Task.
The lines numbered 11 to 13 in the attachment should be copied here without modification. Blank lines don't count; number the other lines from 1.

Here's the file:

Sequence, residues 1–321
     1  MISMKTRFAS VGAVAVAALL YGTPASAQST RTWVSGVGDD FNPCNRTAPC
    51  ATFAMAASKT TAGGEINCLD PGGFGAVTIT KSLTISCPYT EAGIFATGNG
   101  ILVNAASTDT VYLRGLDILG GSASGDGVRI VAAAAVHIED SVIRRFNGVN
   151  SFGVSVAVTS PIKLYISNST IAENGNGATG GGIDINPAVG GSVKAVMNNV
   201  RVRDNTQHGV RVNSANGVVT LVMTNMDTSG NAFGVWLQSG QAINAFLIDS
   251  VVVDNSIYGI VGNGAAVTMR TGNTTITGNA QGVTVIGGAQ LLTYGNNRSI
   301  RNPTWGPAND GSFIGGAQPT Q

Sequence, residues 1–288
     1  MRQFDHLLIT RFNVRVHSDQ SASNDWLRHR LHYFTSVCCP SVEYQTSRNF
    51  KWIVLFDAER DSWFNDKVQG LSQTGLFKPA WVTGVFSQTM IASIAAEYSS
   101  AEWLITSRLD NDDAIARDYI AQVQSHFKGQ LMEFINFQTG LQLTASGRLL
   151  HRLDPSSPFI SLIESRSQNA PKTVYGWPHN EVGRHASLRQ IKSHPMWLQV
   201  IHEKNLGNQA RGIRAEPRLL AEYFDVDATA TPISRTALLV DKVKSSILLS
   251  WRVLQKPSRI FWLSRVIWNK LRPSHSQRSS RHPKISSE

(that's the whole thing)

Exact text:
    51  KWIVLFDAER DSWFNDKVQG LSQTGLFKPA WVTGVFSQTM IASIAAEYSS
   101  AEWLITSRLD NDDAIARDYI AQVQSHFKGQ LMEFINFQTG LQLTASGRLL
   151  HRLDPSSPFI SLIESRSQNA PKTVYGWPHN EVGRHASLRQ IKSHPMWLQV